Spinal cord stimulation, physical therapy help paralyzed man stand, walk with assistance



Spinal cord stimulation and physical therapy have helped a man paralyzed since 2013 regain his ability to stand and walk with assistance. The results, achieved in a research collaboration between Mayo Clinic and UCLA, are reported in Nature Medicine.
With an implanted stimulator turned on, the man, Jered Chinnock, was able to step with a front-wheeled walker while trainers provided occasional assistance. He made 113 rehabilitation visits to Mayo Clinic over a year, and achieved milestones during individual sessions:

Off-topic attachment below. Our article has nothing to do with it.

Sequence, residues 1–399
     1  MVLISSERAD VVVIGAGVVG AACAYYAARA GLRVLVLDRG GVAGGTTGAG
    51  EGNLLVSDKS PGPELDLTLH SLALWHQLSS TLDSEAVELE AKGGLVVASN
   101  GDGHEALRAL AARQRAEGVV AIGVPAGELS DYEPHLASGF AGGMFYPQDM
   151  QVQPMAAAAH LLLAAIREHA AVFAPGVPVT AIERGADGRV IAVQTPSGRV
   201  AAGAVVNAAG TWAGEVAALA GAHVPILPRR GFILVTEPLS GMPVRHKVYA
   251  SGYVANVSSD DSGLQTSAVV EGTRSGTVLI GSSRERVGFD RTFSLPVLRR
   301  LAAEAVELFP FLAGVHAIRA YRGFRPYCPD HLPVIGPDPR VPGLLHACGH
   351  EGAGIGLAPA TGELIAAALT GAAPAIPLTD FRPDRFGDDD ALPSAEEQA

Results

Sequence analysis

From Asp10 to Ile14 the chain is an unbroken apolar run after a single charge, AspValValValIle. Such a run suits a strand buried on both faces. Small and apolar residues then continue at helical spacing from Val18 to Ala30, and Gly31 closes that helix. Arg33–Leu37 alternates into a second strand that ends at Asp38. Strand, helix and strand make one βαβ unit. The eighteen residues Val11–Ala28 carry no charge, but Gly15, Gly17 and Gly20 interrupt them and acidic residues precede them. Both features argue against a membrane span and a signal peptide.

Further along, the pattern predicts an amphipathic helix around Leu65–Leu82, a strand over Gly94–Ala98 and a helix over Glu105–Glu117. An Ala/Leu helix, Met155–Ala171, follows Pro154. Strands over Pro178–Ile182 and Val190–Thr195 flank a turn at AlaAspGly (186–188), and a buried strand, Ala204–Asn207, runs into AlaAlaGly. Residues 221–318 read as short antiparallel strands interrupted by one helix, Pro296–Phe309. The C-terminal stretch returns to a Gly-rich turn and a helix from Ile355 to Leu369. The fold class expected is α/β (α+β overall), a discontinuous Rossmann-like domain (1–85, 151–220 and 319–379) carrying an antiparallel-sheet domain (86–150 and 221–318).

Total distance: 111 yards (102 meters) — about the length of a football field
Total number of steps: 331
Total minutes walking with assistance:16 minutes
Step speed: 13 yards per minute (0.20 meters per second)
“What this is teaching us is that those networks of neurons below a spinal cord injury still can function after paralysis,” says Kendall Lee, M.D., Ph.D., co-principal investigator, neurosurgeon and director of Mayo Clinic’s Neural Engineering Laboratories.
In the study, Chinnock’s spinal cord was stimulated by an implanted electrode, enabling neurons to receive the signal that he wanted to stand or step.

“Now I think the real challenge starts, and that’s understanding how this happened, why it happened, and which patients will respond, says Kristin Zhao, Ph.D., co-principal investigator and director of Mayo Clinic’s Assistive and Restorative Technology Laboratory.

Currently, as a safety precaution, Chinnock takes steps only under the supervision of the research team.

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